Wednesday, 18 May 2016

My Story About Being Diagnosed With Crohn's Disease

Hi everyone, I’ve decided to share a personal blog post as World IBD Day is today, May 19th 2016 and I wanted to share awareness about living with Inflammatory Bowel Disease. I had an extreme fear of doctors, which made me hide the fact that I was extremely sick in 2011. I tried to get out of a moving car once when I was told that I was being brought to the doctor! It got to the stage where I couldn’t avoid it any longer because I was in excruciating pain. My weight was dropping rapidly and I was hiding food because I wasn’t able to eat. I didn’t want to worry anyone around me but it was obvious to others that something was wrong. My symptoms started when I was 12, I noticed that I would pass a lot of blood when going to the toilet. It would happen on and off and I’d just pass it off even though I knew that it wasn’t right.

September 9th  2011 was the day that my Crohn’s disease began to flare. I was in Manchester at the time and I remember feeling like my stomach was going to burst open. I was suffering with extreme cramps, fever and diarrhea. In the coming months my weight began to drop rapidly because I couldn’t eat without getting cramps and diarrhea. I’m a happy, bubbly person and people thought that I was suffering from depression and an eating disorder. I realise now that I was slowly dying and I was letting it happen but that’s how bad my fear of doctors was.

In December 2011 people were saying that I looked like a skeleton. I could see the shock on people’s faces when they would look at me and see a different person to the Clara that they all knew. I developed a perianal abscess and I was forced to go to the doctor because I couldn’t pass anything from my bowel without looking like someone you see having a baby in a film. It was dramatic to say the least! I went to A&E on the 23rd of December 2011 and I was admitted immediately and prepped for emergency surgery. The surgeons drained 100ml of poison from the abscess and I was told that I would have died on Christmas Day if I had left it any longer. The poison would have entered into my blood stream and killed me. I got out of hospital on Christmas Day and instead of things getting better, they got worse. I had dressings changed every day in the open wound from surgery for 3 months. The dressings were one of the most painful things I’ve ever gone through. I was still trying to fool doctors when I would go to clinic appointments in the hospital wearing a full face of makeup and a big smile on my face. My mam would plead with me to let them see the girl that she saw every day.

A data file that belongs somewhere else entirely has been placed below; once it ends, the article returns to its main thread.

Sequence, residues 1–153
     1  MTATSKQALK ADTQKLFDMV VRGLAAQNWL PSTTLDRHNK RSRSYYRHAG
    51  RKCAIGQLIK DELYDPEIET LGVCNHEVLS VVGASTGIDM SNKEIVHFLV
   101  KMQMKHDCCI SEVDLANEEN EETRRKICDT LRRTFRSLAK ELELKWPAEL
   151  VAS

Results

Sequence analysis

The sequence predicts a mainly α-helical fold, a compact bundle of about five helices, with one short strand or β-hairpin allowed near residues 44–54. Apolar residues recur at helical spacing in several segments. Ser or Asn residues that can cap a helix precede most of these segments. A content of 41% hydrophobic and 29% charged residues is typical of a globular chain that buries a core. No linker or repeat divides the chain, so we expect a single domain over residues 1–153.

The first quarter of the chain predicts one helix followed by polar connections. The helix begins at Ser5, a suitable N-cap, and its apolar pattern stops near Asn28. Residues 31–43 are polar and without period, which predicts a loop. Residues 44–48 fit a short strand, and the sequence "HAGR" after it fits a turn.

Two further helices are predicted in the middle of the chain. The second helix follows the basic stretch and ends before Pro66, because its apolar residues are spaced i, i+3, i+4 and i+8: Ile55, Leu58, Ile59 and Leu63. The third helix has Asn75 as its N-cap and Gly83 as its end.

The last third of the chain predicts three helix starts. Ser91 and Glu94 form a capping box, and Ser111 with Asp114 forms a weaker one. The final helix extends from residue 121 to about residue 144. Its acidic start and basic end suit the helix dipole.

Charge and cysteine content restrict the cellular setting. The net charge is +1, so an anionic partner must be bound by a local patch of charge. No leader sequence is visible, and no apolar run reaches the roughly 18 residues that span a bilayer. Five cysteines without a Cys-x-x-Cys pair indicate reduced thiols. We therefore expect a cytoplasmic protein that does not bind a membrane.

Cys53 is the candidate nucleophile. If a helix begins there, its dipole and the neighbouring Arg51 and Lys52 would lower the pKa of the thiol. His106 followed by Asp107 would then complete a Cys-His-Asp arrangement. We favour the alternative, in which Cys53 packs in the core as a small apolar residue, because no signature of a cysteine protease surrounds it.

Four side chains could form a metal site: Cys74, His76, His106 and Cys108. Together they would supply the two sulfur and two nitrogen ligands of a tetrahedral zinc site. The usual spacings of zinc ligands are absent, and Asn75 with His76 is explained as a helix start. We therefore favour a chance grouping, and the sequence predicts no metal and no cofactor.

Me in 2016 on the left and April 2012 on the right
In March 2012, my weight had dropped from 56 to 47 kilos. I’m 5ft 7 so I was tremendously underweight. I developed a limp and when I felt a large lump in my stomach I knew it was time to seek help. I was rushed to Beaumont hospital and hooked up to an ECG machine because of how high my heart rate was and sent for numerous scans which showed a mass the size of a melon in my psoas muscle. It was blocking all of my organs. The surgeon told me that they had three options for me and there was no guarantee that any of them would be successful. I asked him if I would live and he said, “I don’t know". It was then that I realised I was at deaths door and I received my last rites. I had a drain fitted internally for two weeks and it drained out the poison from the abscess in my abdomen. The CRP levels (which is the marker of inflammation) in my blood were over 600, normal is between 2-10. I also had Strep G and E-Coli in my blood. After three weeks I was discharged but after a few days, I knew that the mass was back. I remember packing a suitcase at home because I knew that I was going to be in hospital for a very long time and part of me didn’t know if I would ever come back home again.